I’m excited to begin with you a five-part series looking at the life of David through the lens of Psalm 69. We will discuss this psalm from the perspective of David, not just as a king but as a warrior.
When I first shared my experience with a blue-haired girl and her friends, I noted the deep hurt I was hearing. But I also noticed the beautiful community created at this two-week teen writing workshop.
A few days ago, I got home from a summer camp for middle and high school writers. It’s more than just a writing program, though—for many of the campers, it’s the only opportunity they have to be themselves.
Getting to the auditorium late was bad enough. Then I had to find a seat. After several “oh, it’s saved” interactions I finally found seating next to a 14-year-old girl with electric blue hair.
Listen, my friends and you will hear,
Some stories that will not be new to your ears.
For today’s translation is sure to surprise,
So pay attention, and open your spiritual eyes…
O God, We praise you that we are fearfully and wonderfully made.
We praise you for the human genome.
We are in the midst of a presidential election season.
It’s been ugly. We expect it to get uglier.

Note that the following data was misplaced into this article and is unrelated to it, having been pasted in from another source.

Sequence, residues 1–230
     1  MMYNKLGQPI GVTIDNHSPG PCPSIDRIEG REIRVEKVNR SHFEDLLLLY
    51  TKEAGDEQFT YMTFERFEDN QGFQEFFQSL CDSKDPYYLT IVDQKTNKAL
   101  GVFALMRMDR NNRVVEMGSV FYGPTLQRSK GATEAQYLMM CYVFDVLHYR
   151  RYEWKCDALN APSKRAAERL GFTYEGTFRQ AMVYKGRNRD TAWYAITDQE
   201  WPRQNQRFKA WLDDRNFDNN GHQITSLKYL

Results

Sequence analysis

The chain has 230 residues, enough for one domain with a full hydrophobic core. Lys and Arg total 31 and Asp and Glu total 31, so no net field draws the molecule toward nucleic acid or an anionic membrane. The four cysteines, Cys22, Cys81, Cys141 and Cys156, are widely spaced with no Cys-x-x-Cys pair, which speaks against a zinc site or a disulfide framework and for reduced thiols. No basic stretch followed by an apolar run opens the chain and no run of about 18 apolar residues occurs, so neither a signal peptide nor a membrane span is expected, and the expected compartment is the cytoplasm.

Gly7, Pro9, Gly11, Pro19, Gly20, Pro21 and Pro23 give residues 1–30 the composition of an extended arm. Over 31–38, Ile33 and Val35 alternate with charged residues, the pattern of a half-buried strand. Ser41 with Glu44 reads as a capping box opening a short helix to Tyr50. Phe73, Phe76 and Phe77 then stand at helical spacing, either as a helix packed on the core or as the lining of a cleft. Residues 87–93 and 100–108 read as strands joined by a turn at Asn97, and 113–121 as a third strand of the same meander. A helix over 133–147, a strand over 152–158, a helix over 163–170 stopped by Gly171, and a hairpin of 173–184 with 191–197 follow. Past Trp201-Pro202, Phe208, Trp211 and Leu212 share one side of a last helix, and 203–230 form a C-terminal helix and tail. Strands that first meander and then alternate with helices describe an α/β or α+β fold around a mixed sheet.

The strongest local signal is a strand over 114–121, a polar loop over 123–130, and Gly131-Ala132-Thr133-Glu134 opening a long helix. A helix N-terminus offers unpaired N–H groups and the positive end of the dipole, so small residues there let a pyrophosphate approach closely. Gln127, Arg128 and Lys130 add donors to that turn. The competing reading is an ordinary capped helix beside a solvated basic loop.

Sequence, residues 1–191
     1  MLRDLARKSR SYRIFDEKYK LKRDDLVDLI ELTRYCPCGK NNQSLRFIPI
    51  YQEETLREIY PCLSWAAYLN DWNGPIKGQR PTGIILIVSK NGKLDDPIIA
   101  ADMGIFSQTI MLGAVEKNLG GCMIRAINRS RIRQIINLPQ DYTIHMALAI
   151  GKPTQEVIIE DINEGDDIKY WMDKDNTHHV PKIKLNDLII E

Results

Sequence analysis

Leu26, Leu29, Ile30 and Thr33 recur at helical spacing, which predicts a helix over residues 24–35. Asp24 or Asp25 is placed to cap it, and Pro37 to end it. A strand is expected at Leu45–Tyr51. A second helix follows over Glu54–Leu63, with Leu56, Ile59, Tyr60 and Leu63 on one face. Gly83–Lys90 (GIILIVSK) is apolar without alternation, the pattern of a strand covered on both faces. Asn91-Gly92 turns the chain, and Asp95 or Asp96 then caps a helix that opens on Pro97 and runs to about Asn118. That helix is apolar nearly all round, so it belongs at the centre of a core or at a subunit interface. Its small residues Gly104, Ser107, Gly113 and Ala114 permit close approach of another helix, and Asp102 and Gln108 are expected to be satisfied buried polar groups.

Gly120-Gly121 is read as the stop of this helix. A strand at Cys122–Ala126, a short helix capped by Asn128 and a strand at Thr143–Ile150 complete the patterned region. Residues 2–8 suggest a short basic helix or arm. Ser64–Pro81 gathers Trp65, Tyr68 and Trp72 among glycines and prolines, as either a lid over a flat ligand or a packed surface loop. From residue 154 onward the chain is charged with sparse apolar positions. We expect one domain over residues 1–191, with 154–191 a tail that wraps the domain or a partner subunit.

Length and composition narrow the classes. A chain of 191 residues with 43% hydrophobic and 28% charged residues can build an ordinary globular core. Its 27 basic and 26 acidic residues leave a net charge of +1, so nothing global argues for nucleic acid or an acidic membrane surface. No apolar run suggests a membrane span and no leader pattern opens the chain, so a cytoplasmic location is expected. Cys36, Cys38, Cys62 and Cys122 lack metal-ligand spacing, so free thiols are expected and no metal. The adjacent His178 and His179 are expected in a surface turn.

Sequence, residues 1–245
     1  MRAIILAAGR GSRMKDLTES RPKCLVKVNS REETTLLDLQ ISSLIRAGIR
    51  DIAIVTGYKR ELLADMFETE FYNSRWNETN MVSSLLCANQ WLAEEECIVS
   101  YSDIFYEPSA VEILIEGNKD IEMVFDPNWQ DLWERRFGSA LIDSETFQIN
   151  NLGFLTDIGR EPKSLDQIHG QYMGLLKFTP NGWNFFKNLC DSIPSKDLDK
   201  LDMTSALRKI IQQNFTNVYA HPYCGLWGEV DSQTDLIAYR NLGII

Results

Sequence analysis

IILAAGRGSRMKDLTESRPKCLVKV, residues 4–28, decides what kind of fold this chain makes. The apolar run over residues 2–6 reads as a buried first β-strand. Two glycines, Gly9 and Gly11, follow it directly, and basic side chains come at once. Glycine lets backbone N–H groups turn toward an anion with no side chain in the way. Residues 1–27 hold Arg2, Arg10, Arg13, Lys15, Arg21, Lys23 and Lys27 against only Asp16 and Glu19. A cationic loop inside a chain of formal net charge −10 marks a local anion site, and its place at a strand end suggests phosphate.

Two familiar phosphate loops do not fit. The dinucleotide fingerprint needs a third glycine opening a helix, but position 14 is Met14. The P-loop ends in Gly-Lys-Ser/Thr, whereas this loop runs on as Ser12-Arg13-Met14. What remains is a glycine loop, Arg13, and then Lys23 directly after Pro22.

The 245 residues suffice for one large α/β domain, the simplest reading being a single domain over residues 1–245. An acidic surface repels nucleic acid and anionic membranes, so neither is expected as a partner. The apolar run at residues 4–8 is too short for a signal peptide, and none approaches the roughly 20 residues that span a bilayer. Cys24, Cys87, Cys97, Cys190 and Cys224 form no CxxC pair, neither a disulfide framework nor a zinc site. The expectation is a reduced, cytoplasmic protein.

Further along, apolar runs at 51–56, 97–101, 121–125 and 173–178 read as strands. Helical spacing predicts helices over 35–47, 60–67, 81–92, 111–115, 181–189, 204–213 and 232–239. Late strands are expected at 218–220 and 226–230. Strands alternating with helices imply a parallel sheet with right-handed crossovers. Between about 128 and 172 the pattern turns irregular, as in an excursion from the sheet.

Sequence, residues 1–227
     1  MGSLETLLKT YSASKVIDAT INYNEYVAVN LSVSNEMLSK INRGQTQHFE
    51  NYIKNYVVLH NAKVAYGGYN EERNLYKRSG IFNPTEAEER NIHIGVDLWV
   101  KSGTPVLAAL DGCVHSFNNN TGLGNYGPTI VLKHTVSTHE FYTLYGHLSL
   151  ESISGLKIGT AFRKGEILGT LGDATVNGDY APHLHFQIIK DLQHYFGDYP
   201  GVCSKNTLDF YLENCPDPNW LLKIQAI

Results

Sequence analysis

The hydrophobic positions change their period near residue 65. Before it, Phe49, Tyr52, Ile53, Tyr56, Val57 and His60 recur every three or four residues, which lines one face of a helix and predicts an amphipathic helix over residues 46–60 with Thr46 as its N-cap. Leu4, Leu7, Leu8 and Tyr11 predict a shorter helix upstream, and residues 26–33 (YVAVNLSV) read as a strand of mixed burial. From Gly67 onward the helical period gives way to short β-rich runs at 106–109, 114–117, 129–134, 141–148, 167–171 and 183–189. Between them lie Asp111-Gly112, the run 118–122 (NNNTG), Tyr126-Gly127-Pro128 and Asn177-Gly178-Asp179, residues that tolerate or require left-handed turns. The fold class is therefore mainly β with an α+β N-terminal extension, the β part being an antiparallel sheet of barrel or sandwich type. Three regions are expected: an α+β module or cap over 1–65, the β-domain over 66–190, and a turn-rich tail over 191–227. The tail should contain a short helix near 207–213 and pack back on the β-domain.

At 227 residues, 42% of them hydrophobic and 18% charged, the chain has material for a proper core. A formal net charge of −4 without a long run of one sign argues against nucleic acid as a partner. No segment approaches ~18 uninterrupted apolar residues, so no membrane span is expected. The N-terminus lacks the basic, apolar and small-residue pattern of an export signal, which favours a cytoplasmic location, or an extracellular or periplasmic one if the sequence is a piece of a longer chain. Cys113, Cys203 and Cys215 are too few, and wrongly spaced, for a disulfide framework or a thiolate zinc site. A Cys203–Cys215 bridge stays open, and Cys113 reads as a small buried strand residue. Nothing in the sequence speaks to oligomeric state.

Our society is so violent. Why are people so afraid? Why do they assume the worst of others and see them as threats?
As part of our lesson looking at endurance (a link to athletes preparing for the Olympics), we used Duplo blocks and labels to put together the memory verse we were looking at.
A family member of mine recently sent me this article (“Can a Christian Watch Game of Thrones?”) and asked me to respond. The author argues that the show contains sex, violence and power struggles without the obvious good versus evil struggle contained in works like the blatantly Christian Lord of the Rings where the reader knows who will win.
For years a friend of mine faithfully visited his mother in a nursing home. On each visit, en route to her room he passed a thin Alzheimer’s-ridden woman in the hallway. Red-faced and wheelchair-bound, she repeated, “I want a good deal.”
There is this simple moment that is essential to my understanding of Jesus. Sometimes I think we see him as almost a miracle-working robot, the unstoppable antithesis of the Terminator. He was sent to our Earth to save, heal, and point others towards God.
A friend once told me that her favorite season was fall because winter was too cold, summer was too hot, and spring felt like too much pressure. All those blooming flowers and sprouting leaves.